An Exclusive Interview With Writer:

An Interview With ALICE COOPER Author Dave Thompson.
Rock writer Dave Thompson has penned over 100 books, most notably bios on the likes of Deep Purple, Joan Jett, David Bowie, Genesis, and numerous others.  Most recently he has a new book out, through Omnibus Press on legendary rocker Alice Cooper, aptly titled “Welcome To My Nightmare”. 
Here Dave gives us the story behind his latest rock biography.  

What was your introduction to Alice Cooper? [Song, LP, concert…] and how long Or how big of a fan are you?

The usual, boring story, I’m afraid, twelve years old and seeing “School’s Out” on Top Of The Pops.  I went out and bought that and “Silver” the very next weekend, and forty years later, Alice and Hawkwind are still among my favorite bands.
How long has this Alice Cooper book been in the works?   I recall with your Deep Purple Book you had told me you’d been collecting interviews for some 15 years.
Similar story here, too... I have boxes full of stuff I’ve collected, my own interviews, press cuttings, books and mags, and they are all “books in progress.”   And will hopefully all see the light of day sometime.  Back in 1978, I did a pile of work towards what I imagined was the next rock’n’roll best seller, a biography of John Otway and Wild Willy Barrett.  Thirty years later, it was published.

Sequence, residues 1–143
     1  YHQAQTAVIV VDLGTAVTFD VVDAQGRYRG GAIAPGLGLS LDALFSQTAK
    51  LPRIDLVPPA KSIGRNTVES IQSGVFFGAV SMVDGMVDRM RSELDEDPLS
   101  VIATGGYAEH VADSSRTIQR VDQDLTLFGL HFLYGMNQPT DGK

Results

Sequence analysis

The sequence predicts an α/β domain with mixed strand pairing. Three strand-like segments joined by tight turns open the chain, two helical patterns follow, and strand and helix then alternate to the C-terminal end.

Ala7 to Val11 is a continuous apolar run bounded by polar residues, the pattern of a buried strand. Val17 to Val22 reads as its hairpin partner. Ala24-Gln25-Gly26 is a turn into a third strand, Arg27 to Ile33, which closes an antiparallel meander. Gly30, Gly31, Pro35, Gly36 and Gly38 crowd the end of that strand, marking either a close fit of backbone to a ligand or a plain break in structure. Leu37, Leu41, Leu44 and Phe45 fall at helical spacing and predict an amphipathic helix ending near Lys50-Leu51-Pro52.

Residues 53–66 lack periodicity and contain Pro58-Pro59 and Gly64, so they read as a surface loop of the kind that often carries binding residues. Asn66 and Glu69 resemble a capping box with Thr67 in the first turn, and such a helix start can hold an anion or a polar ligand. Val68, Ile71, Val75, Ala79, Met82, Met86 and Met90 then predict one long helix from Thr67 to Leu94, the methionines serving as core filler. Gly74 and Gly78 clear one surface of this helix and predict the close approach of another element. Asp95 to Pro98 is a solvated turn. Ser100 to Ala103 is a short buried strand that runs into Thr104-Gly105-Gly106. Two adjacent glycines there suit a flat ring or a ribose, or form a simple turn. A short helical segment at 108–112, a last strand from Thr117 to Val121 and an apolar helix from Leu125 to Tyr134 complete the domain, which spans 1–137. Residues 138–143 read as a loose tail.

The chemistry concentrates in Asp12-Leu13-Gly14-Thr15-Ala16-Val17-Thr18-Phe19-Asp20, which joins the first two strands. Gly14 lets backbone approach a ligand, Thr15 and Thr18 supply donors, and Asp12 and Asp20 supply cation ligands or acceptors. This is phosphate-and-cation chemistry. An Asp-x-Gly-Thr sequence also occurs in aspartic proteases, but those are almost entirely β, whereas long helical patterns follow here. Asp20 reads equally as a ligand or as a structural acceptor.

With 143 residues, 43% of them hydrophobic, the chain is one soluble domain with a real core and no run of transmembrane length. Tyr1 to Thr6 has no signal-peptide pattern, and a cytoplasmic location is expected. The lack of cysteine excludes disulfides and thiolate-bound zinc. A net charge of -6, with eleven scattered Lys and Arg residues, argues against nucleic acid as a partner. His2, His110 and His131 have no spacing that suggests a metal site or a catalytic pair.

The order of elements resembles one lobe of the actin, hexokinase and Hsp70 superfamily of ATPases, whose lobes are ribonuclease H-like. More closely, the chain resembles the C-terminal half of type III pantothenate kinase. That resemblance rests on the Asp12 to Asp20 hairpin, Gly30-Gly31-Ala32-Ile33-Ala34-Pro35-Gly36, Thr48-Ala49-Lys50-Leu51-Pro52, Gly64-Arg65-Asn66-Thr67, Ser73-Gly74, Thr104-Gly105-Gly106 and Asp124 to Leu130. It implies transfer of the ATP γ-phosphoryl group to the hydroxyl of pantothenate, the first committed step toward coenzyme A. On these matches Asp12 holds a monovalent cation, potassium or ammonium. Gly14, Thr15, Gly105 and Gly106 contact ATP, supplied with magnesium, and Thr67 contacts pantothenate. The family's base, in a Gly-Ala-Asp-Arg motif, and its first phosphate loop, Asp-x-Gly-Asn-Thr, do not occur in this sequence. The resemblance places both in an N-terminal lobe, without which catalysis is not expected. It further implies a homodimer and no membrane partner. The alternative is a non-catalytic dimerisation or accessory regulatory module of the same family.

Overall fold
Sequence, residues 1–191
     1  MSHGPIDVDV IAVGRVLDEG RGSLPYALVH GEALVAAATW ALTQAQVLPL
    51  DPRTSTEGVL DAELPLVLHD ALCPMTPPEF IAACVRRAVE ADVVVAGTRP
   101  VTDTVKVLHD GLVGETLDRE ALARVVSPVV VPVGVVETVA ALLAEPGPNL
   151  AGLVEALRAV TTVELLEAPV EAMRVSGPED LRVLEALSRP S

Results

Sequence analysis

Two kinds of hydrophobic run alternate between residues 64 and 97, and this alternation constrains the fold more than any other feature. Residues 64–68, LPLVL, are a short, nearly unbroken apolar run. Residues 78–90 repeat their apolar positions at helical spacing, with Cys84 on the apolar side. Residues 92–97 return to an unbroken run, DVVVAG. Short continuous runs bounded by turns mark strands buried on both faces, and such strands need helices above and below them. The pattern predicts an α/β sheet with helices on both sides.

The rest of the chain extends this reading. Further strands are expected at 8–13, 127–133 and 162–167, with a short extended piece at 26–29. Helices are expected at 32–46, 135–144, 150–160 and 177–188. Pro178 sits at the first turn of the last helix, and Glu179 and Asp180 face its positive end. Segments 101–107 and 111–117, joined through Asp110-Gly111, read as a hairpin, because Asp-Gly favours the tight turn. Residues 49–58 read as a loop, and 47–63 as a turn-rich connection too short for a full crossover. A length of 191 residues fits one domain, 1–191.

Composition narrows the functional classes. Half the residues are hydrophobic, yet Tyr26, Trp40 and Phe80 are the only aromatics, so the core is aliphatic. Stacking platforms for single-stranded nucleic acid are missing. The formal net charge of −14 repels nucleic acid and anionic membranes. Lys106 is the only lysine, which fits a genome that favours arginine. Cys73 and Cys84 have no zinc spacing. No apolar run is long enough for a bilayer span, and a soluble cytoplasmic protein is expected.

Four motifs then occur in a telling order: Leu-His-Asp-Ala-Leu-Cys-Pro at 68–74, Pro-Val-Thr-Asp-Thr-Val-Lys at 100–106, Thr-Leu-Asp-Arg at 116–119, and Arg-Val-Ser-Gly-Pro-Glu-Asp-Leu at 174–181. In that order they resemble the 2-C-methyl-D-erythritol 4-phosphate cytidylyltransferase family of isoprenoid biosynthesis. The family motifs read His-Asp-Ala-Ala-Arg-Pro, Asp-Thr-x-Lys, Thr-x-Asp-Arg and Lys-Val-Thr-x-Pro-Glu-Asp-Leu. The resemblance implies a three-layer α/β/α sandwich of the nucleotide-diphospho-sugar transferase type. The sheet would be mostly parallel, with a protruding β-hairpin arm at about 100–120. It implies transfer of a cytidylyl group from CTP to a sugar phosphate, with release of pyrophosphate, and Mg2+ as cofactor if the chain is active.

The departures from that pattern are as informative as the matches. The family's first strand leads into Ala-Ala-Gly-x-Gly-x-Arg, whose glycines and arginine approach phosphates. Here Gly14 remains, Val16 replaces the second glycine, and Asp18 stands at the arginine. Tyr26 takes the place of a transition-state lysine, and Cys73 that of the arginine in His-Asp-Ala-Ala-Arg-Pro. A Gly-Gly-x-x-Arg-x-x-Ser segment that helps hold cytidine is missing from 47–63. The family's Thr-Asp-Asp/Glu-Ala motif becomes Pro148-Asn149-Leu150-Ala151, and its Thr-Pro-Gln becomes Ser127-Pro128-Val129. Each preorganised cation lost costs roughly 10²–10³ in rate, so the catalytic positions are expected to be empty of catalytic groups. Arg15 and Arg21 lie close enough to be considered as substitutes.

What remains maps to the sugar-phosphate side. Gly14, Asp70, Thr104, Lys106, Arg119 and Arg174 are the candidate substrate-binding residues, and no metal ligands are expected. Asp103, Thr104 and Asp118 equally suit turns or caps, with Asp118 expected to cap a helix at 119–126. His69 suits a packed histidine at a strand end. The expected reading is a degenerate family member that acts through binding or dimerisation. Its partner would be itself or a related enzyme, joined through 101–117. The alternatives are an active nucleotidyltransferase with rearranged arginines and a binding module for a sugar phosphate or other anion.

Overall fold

So, to answer your question, Alice has been a work in progress for a long time - although it started life as a fictional story; Alice is one of those performers whose public image is so much more fascinating than his private life, so I was playing with the idea for a novel in which he lived the private life that we wish he did.  Dead babies, guillotines and all. 
You’ve obviously interviewed loads of Alice Cooper bandmembers, original members sidemen, associates… who were some of most memorable characters to come across and who was most helpful and/or had the best tales?
Everybody threw in something that I could describe as priceless... but Glen and Neal from the original band were great to talk with; and Mike Pinera, who played with Alice during one of his less well-documented periods (early 1980s), shed a lot of light on things as well.  I still smile at Mike’s story about the onstage knife throwing...
And of course Alice himself was invaluable, even if he did get his a few of own songs mixed up!
You have an extensive chapter on the early years of the Alice Cooper Band, prior to the first album. How difficult was it to track this era? [as most early AC stories merely mentions the band-names, not so much detail though].
I got lucky, meeting someone who was around Phoenix at the time, and was able to point me in the right directions... she didn’t want to be named or quoted (something she had in common with a few people I talked with) but she definitely gave that period shape.
Another thing you go in to detail about is the stories about pre Alice theatrical Rockers like Screaming Lord Sutch, and more so – Arthur Brown.  This is another aspect Of the early Alice story [or side bar] that rarely gets discussed.   How did you get in to this Chapter?   Did you, or why did you – feel these acts deserved a more in-depth look and comparison?
I was a huge Arthur Brown fan through the 1970s, and used to get into spectacular arguments with my Alice-loving friends about who was the best... I admit I played Devil’s Advocate in a lot of them, but the fact is, there was a long tradition of horror theater in rock, long before Alice came along, and Sutch and Brown were a major part of that.
I noticed Dennis Dunaway is not in the acknowledgements. (whom I recently Interviewed).   Had you not come across Dennis over the years?   And was there anyone else that you would have liked to have had spoken with or tracked down at some point?